Nihon NihilismI was introduced to the films of Hisayasu Satō only a few short years ago, but he is fast becoming one of my favourite directors. Working mostly in the pinku genre, Satō is often touted as a sort of pornographic, Japanese Cronenberg. As I’ve noted before on Mondo Exploito, in some ways it’s an apt comparison, but the more I see of his work the less appropriate it seems. Satō’s films are uniquely Japanese, and he has his own set of themes that he repetitively obsesses over — themes that are at the forefront of The Bedroom, Satō’s most infamous work.

original title: Uwakizuma: Chijokuzeme
aka: Unfaithful Wife: Shameful Torture, An Aria on Gazes, Promiscuous Wife: Disgraceful Torture

Satō’s films generally leave me feeling physically ill, and The Bedroom is no exception. The Bedroom is not graphic, but Satō’s characteristically bold deconstruction of perversion, alienation, and voyeurism is unflinchingly grim. Kyoko (Kiyomi Itô) is trapped in a sexless marriage with an uncommunicative husband (Mineo Sugiura). She’s also engaged in an equally unsatisfying affair with her younger sister’s partner (Takeshi Itô). Kyoko’s sister, Maya, is dead, likely from an overdose of Halcion.

Kyoko is in the employ of a sex club run by the mysterious Mr. Takano. The girls who work there, Kyoko included, are drugged with Halcion and sleep through their various sexual encounters with their perverse clientele. Kyoko stops taking the sleeping pills and begins to feign unconsciousness. She finds this really turns her on.

Kyoko becomes obsessed with being watched and being filmed. The offscreen Mr. Takano constantly monitors her activities. Kyoko begins to capture her relationship with her lover through a video camera. Point of view shots are occasionally presented in hazy videotape rather than film.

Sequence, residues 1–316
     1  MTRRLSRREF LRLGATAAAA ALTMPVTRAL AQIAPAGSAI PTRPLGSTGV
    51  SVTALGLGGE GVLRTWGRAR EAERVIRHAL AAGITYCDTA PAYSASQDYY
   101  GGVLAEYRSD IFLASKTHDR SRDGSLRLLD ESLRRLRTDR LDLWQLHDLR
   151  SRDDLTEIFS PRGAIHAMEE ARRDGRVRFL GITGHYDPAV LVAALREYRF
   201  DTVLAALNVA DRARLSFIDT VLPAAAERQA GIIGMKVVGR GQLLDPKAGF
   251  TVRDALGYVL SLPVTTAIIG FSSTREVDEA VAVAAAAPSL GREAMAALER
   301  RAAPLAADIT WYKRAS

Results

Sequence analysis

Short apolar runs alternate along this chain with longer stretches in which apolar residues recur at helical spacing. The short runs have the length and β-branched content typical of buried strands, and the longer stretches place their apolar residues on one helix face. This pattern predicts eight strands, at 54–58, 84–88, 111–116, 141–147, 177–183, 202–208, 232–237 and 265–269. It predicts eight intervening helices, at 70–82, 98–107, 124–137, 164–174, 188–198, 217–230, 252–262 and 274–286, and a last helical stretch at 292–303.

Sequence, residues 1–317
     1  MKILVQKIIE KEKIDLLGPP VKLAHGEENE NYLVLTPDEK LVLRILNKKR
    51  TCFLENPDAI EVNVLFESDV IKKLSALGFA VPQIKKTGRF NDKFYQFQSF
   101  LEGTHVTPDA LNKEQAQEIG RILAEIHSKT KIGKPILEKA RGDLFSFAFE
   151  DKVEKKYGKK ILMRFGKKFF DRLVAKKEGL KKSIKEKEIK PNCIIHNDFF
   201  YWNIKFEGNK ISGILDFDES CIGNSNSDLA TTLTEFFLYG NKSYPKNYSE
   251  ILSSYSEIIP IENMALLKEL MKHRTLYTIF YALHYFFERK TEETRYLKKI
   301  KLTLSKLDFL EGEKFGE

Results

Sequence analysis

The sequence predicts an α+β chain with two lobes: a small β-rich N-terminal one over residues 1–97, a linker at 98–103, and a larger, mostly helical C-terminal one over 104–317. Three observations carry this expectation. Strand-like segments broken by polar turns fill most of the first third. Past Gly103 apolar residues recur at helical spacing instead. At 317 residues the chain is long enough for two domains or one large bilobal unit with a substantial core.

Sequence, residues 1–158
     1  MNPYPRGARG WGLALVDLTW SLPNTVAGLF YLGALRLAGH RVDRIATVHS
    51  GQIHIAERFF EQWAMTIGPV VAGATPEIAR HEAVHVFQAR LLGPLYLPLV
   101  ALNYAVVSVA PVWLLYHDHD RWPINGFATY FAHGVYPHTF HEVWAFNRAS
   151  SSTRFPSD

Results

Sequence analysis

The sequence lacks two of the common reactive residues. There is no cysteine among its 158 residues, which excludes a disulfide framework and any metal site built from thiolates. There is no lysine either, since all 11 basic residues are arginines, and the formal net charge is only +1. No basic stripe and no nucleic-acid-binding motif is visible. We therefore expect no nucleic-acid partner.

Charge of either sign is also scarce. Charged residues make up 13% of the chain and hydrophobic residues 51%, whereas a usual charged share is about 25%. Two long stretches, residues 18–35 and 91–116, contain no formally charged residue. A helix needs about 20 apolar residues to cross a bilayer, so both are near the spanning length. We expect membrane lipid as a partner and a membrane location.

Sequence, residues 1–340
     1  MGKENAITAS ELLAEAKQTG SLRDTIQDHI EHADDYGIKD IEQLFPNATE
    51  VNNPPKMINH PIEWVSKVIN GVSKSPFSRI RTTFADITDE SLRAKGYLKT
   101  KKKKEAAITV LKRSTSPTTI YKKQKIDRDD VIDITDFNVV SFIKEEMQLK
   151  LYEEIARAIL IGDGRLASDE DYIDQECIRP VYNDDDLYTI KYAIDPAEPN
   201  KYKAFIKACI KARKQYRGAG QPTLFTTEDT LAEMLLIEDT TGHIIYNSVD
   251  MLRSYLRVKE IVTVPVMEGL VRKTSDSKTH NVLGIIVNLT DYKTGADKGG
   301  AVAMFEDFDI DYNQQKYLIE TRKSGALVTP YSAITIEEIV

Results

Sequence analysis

Satō’s presentation of voyeurism in The Bedroom is reminiscent of his most famous and gruesome work, Naked Blood: Megyaku, made four years later. I was also reminded of the excellent Rape Climax (1987) in its scenes of sensory deprived sex. However, The Bedroom trumps both Naked Blood and Rape Climax in its execution. The Bedroom is captured with a delirious dreamlike energy. Sets are bathed in lurid pinks and blues, wide angle lenses distort everything, shots flow together beautifully. Satō is certainly a pinku director like no other.

The Bedroom has received a heap of heated controversy for the inclusion of Issei Sagawa in its cast. Sagawa is an extraordinarily sick man who murdered Renée Hartevelt, a Dutch student, while living in Paris in the early 80s. He raped Hartevelt’s corpse and cannibalised her flesh. Through a bizarre and disturbing legal loophole, he has been allowed to live an entirely free life back in Japan. Reportedly, he has received little to no medical support for his clearly deranged mental health.

After the murder and his release, Sagawa became a celebrity in Japan, making money by appearing on talk shows and, rather disgustingly, writing food reviews for a magazine. Sagawa has an agent and sells memorabilia (including vials of his semen) on his website. He even appeared in a revolting adult video, which, from the snippets I’ve seen, seems about as misanthropic as you’d expect from Japanese pornography. VICE put together a soul-destroying piece about him. Check it out if you want to feel really shit about the world.

Sagawa’s inclusion is brief, but, horrifyingly, it allows him to indulge in what seems to be his favourite fantasy: biting buttocks. His appearance is very much exploitative, both of Hartevelt’s senseless death and Sagawa’s obviously untended madness, and I can certainly understand the disgust it created. The fact that he has been able to let his fantasies run rampant to this day is unbelievable. Still, after watching interviews with Sagawa, I can’t help but feel he slips comfortably into the gruesome universe Satō creates.

The Bedroom does not have a straightforward narrative. It will likely anger some viewers with its disconnected, disjointed approach. Some will find it erotic, others will find it nauseating — for me, it falls somewhere in-between. Regardless of its controversies, I don’t think there’s any denying the thought and skill that went into making it.


The Bedroom is, surprisingly, available on DVD in the UK. It has, unsurprisingly, very poor video and hard subs. Also, it’s cut. I’d suggest tracking down the Japanese VHS if you want an uncut physical copy. But then there’s the whole subtitle thing…